Enron's Code Of Ethics

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Ethics are the principles and values an individual uses to govern his or her activities and decisions. In an organization, a code of ethics is a set of principles that guide the organization’s programs, policies, and decisions. The ethical codes an organization uses to conduct business can affect the reputation, productivity of employees, and the culture around the company. Consumers and employees also like to work for and support organizations that are in line with their own code of ethics.
There are two different way to approach ethics. One approach is the "individualistic approach" and the other approach is the "communal approach." Each approach incorporates a different view of moral responsibility and a different view of the kinds of
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Another example of the lack of corporate governance is the issues with Enron. Enron was founded in 1985 and became one of the biggest accounting scandals in history. Enron was once ranked the sixth-largest energy company in the world. There were numerous ethical dilemmas in addition to the many illegal acts of rising and fall of Enron. Enron’s stock was valued at $90 per share in 2001 and was worth almost nothing at the end of the same year. The downward spiral that began since Enron’s accounting fraud was exposed affected all their shareholders and employees. Billions of dollars were lost and thousands of jobs were mislaid. After Enron’s fall, the US authorities have analyzed the situation and have attempted at undoing the wrong in a variety of…show more content…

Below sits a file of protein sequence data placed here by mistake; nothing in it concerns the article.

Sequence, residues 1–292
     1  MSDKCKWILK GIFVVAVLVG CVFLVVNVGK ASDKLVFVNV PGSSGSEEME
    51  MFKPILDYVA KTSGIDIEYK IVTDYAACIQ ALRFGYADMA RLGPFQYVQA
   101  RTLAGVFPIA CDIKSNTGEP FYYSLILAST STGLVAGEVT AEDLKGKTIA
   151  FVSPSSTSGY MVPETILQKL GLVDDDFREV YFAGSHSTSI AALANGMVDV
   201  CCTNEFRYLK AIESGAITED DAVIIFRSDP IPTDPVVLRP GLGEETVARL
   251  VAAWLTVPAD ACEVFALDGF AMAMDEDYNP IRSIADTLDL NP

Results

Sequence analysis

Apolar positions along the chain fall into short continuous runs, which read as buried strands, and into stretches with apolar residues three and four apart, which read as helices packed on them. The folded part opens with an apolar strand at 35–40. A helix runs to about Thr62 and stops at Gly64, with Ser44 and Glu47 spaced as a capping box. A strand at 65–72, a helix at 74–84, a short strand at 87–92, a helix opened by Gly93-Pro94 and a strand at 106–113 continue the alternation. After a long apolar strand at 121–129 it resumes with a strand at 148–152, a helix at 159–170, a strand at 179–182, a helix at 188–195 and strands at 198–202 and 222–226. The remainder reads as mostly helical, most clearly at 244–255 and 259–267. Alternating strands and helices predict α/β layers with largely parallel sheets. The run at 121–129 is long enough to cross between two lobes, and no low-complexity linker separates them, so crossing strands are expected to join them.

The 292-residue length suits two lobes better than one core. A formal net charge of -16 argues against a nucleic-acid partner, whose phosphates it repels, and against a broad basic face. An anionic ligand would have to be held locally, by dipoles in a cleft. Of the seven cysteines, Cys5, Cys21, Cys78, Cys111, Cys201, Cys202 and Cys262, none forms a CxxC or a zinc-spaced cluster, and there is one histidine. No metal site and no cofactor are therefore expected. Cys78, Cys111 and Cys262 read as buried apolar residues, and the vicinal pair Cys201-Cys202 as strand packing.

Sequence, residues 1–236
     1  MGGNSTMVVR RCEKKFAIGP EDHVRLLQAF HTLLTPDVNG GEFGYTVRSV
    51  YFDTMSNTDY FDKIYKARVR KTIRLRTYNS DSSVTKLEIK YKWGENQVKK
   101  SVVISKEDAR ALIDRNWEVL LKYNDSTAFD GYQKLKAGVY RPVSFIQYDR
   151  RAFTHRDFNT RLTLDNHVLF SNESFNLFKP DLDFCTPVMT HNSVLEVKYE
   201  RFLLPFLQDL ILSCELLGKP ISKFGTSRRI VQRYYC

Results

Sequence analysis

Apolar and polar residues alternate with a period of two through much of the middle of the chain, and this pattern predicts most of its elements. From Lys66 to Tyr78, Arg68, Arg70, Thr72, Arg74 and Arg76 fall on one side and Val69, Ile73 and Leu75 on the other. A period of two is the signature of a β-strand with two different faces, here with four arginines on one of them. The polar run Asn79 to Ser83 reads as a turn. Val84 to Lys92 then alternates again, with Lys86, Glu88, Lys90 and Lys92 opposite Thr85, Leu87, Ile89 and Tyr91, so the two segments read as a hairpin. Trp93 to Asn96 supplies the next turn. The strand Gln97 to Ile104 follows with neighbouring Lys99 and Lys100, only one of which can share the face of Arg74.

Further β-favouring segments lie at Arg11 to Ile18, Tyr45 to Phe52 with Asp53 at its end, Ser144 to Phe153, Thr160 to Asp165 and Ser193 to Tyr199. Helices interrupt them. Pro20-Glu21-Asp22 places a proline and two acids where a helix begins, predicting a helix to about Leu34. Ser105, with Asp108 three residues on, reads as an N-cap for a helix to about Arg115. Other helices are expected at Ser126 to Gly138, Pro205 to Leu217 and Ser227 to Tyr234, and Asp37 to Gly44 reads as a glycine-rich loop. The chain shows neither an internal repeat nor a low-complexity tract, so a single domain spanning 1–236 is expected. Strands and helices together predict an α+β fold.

Enron managed to hide millions of dollars in debt and losses through unlawful accounting practices. They hid these losses under their many subsidiaries, often in foreign countries. In event of the fraud being exposed, Enron’s stock crashed but few of the management members managed to bail themselves out by selling the stock when it was still at a high. The investors and employees were left high and dry to face the loss of their investment, pension and retirement amounts. There are many criminal investigations and cases registered for Enron executives. These executives have been known to receive hefty bonuses just before the collapse of Enron (Oppel). A high moral ethics code was not enforced within this organization and a result Enron was stuck in a legal case that gave birth to and contributed to the creation of the U.S. Sarbanes-Oxley Act, signed into law on July 30, 2002. The purpose of this act is to protect people from the types of deceptive acts that took place within Enron (Litigation
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